Attorney Thomas J. Keegan, Jr. said President Barack Obama’s proposal to reduce the number of medical malpractice lawsuits being filed nationwide will not benefit the people of New York in any way because such legal mechanisms are already in place to cut down on the number of frivolous lawsuits being filed in the state. He further states that, contrary to what the president said, New Yorkers will not see a reduction in health care costs.
As part of proposed health care reform package, President Obama is looking to implement medical malpractice reform as a way to reduce health care costs. Although he is looking to rein in medical malpractice lawsuits, he said he will not endorse any cap on jury awards.
Medical errors result in the loss of 100,000 lives and injuries to more than 1.5 million people at a cost of $17-29 billion to U.S. taxpayers, according to the Institute of Medicine. Fearing lawsuits, doctors and hospitals do not openly discuss their mistakes. Doctors have complained that “defensive medicine”— ordering tests and procedures so they do not get sued — is the reason for the rise in health costs.
Mr. Keegan argues that President Obama’s proposal will not make any difference whatsoever to New York State residents. “In New York, it is very difficult to file and prosecute these kinds of cases,” Mr. Keegan said. “By far, the vast majority of cases that are filed are meritorious cases and are eventually resolved; they are defended with enormous vigor by the liability insurance carriers who spend unlimited amounts in defense instead of owning up to clear and serious injuries caused by error and paying the injured parties.”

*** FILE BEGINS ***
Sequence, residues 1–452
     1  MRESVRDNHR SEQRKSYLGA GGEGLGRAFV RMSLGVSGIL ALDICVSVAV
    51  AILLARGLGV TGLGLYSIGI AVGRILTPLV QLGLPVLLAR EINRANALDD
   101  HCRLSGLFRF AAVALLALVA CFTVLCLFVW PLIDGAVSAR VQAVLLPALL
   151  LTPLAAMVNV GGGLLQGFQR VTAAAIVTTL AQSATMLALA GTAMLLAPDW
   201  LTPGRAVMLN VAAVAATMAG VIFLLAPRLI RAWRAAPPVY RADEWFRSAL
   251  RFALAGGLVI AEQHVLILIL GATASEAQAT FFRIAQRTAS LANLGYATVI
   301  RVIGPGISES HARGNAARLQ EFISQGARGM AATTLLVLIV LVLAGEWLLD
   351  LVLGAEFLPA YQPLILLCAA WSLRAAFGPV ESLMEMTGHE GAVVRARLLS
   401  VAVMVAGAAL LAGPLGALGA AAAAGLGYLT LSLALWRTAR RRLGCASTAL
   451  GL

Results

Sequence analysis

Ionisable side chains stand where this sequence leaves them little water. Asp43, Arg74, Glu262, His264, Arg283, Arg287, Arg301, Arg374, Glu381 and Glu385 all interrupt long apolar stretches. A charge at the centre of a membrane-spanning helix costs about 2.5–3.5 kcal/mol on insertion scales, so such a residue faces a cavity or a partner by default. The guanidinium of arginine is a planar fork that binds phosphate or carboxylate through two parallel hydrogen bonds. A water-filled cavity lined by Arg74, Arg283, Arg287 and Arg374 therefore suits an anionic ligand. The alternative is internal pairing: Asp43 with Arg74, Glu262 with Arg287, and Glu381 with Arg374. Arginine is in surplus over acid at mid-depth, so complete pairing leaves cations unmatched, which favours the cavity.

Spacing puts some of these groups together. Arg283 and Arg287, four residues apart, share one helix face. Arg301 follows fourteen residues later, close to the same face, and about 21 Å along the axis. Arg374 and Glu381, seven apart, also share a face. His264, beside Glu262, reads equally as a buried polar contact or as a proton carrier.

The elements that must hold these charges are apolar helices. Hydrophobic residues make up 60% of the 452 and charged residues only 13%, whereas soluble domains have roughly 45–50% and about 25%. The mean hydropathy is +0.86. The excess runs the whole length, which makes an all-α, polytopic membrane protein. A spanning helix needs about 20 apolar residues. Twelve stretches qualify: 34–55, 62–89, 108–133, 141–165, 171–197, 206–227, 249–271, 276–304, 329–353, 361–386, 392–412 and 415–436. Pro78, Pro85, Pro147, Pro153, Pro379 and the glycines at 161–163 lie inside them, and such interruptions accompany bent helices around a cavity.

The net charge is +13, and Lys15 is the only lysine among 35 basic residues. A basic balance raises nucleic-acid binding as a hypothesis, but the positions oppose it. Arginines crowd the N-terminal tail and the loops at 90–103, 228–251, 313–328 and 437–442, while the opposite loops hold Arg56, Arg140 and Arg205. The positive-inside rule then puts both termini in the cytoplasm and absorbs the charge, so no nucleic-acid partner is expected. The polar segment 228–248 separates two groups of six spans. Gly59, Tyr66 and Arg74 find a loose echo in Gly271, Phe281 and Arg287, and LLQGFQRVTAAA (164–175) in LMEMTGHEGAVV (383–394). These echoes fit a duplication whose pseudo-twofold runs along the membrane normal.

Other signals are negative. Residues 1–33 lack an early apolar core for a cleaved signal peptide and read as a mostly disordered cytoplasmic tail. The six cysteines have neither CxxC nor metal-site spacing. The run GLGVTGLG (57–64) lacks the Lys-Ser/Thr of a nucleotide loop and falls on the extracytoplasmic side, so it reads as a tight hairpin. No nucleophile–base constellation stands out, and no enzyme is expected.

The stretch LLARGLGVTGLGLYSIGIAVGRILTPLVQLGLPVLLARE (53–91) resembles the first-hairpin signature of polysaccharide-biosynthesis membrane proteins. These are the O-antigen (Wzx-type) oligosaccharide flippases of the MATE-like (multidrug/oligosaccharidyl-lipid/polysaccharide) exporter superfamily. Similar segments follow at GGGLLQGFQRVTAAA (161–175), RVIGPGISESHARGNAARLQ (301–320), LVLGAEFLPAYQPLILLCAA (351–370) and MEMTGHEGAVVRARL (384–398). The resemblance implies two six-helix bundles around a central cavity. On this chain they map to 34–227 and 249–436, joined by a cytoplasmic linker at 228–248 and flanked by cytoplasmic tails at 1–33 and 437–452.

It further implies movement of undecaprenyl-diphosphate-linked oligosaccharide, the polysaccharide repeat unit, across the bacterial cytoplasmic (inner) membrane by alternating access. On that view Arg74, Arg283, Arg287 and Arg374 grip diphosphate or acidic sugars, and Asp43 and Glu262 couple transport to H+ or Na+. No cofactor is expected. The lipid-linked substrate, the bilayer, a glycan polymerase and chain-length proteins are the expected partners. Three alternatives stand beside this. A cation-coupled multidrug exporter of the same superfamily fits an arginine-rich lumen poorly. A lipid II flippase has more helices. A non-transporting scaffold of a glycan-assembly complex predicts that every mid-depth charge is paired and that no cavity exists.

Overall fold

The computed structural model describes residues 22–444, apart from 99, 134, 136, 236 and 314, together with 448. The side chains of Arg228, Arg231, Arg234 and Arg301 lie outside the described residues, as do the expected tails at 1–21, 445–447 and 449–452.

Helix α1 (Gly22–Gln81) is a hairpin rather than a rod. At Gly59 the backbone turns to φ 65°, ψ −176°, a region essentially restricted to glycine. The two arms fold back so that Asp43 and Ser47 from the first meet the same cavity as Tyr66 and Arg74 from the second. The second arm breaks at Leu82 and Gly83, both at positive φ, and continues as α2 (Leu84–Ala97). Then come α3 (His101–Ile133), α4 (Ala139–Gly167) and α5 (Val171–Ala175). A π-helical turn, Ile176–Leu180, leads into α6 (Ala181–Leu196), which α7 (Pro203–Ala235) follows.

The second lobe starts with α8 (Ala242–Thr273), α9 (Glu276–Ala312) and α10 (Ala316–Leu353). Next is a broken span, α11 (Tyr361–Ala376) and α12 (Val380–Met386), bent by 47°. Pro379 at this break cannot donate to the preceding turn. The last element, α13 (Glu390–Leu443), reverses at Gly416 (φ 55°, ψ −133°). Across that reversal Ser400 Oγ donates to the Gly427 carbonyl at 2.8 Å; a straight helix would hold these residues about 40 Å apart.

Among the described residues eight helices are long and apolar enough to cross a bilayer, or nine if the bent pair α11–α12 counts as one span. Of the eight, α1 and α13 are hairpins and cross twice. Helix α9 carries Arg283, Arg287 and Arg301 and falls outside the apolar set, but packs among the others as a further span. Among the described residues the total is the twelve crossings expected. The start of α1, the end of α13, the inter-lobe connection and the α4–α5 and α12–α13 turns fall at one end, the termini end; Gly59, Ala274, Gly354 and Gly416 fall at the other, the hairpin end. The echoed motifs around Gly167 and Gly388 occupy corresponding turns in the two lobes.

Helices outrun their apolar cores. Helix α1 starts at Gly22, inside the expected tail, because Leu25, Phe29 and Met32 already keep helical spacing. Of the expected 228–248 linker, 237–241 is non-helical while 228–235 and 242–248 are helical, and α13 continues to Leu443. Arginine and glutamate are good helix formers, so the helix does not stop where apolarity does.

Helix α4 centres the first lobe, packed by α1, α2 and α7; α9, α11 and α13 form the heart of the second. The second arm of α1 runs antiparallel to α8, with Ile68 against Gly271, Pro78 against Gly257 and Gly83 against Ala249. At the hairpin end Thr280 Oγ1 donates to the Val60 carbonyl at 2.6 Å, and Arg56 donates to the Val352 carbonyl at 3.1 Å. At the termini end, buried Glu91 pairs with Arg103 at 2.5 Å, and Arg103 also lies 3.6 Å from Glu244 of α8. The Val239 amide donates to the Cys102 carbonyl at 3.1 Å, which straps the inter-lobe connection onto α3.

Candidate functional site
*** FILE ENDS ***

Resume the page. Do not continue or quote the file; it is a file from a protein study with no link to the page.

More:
A 1986 amendment to the Civil Practice Law and Rules and subsequent case law, as well as stringent requirements of the uniform court rules in New York State regarding medical malpractice lawsuits, have all had an impact in reducing frivolous lawsuits. “Since then, we have not had a significant number of frivolous lawsuits filed in New York. Other jurisdictions in the country have also followed suit,” he said.
Based on 2007 numbers, The Congressional Budget Office has indicated that reducing malpractice costs by 25% would cut less than one half of one percent out of the nation’s health care costs. “With all due respect to my friends in the medical field, the overtesting is driven far more by the fiscal benefit to the medical profession than the president’s misguided assertions,” Mr. Keegan said. “If you think the president changing these rules will result in a significant saving in medical costs, you are sadly mistaken.”
Keegan & Keegan, Ross & Rosner, LLP
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